Kids today don’t know of an age without social media. It is a new thing for parents and we are racing to be on top of our kids’ activities while trying to keep them safe and understand the ever growing list of new social media outlets. In trying to educate myself on this, I came across an article by Consumer Reports about how it is not only social media, it is also smart toys that we have to be mindful of. I feel I need to share it with you so below is an outline of the article for you. How to Protect Children’s Online Privacy
How to Protect Children’s Online Privacy
Added to the social media situation, we now have to worry about smart toys collecting information. What is they get hacked? What if our child’s data is exposed and out there?
Here’s how parents can protect their children’s online privacy.
Be Wary of Connected Toys
Even toys as simple as a teddy bear now often come with a Bluetooth or WiFi connection that can send information back and forth between the toy and a smartphone app or a server somewhere.
How could such data be used? Experts say a terrifying worst-case scenario would be an attempted abduction, but a more likely outcome would be eventual credit card fraud or identity theft. Privacy risks recently prompted German officials to tell parents to get rid of an internet-connected doll called “My Friend Cayla.”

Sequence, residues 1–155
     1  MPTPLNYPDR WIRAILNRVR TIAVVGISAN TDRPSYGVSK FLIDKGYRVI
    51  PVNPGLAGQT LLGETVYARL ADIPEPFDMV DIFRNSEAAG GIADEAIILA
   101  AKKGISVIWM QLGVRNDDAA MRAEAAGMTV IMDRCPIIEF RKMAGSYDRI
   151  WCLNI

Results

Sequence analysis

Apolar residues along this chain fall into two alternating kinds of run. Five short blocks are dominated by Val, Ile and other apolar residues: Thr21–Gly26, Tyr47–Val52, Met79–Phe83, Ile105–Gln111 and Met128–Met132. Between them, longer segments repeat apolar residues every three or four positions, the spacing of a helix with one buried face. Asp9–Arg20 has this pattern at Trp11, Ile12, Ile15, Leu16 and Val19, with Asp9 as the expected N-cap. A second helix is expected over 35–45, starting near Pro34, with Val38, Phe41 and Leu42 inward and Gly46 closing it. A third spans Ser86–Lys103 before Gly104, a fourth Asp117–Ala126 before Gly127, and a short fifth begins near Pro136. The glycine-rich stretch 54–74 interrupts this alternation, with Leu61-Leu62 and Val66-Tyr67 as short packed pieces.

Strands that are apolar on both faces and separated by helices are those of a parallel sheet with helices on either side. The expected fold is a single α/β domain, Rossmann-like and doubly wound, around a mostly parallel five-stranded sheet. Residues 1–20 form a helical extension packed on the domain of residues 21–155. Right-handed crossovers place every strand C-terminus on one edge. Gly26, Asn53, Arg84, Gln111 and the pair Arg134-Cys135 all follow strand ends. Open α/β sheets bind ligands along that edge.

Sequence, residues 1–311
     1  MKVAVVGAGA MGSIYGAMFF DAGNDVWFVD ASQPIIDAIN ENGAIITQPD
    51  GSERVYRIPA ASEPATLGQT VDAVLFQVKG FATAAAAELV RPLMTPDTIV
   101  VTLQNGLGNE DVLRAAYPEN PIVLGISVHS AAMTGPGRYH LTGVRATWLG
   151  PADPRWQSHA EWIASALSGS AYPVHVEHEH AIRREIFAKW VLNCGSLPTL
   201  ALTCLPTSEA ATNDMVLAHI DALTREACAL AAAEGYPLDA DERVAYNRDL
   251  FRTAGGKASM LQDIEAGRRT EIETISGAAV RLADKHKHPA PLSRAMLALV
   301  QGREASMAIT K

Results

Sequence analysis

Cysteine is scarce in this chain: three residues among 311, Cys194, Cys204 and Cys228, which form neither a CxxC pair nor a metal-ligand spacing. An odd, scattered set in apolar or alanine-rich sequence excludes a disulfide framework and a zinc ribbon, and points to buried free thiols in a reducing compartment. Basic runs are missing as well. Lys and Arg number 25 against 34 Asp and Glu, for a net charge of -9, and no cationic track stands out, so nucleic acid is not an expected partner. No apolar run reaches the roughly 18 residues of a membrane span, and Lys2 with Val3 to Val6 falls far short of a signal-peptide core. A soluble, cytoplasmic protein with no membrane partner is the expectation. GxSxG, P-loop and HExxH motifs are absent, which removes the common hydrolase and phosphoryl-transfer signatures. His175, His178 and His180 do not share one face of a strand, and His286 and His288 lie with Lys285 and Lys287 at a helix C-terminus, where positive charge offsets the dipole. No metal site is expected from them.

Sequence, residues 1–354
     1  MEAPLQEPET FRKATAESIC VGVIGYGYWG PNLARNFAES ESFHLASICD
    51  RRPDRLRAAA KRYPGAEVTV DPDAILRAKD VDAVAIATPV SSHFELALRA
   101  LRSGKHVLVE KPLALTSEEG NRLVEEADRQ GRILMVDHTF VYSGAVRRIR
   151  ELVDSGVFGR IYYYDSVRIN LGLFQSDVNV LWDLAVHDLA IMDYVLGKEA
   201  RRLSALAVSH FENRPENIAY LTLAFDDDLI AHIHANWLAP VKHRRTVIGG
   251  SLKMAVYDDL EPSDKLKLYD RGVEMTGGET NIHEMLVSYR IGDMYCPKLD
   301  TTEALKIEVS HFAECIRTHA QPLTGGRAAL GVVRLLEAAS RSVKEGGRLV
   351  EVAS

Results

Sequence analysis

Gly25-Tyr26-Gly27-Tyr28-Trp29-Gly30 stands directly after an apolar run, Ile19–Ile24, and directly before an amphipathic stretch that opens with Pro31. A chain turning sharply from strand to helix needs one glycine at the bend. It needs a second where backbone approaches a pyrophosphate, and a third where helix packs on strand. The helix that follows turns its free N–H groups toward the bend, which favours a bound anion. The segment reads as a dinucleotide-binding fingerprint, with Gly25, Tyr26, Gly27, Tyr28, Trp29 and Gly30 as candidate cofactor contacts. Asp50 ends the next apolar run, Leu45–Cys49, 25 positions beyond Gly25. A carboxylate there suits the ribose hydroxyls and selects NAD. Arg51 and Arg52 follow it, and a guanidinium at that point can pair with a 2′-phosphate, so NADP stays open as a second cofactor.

Think Before You Post
Just like their physical security, your children’s digital security starts with you, especially when they’re too young to fend for themselves. So think before you post, and make sure you’re limiting who can see the information.
The mere act of releasing your child’s name, gender, hometown, and birthday to the world gives hackers something to work with.
Parents should also think twice before posting pictures that could reveals hints of a location, such as photos taken in front of their home or child’s school, says Mike Raggo, chief research scientist at ZeroFOX, a social media security company.
Talk to Your Kids
“The talk” doesn’t just refer to sex anymore. Talking to your kids about proper internet usage and the consequences that bad online behavior can have is almost as important.
Be a ‘Friend’
Moniz says that he required his own kids to give him their passwords if they wanted to have social media accounts, though he acknowledged that other parents see that as too “big brotherish.”
When parents see their child’s peers do something inappropriate online, they should talk to their child about it and use it as a teachable moment, Moniz says.
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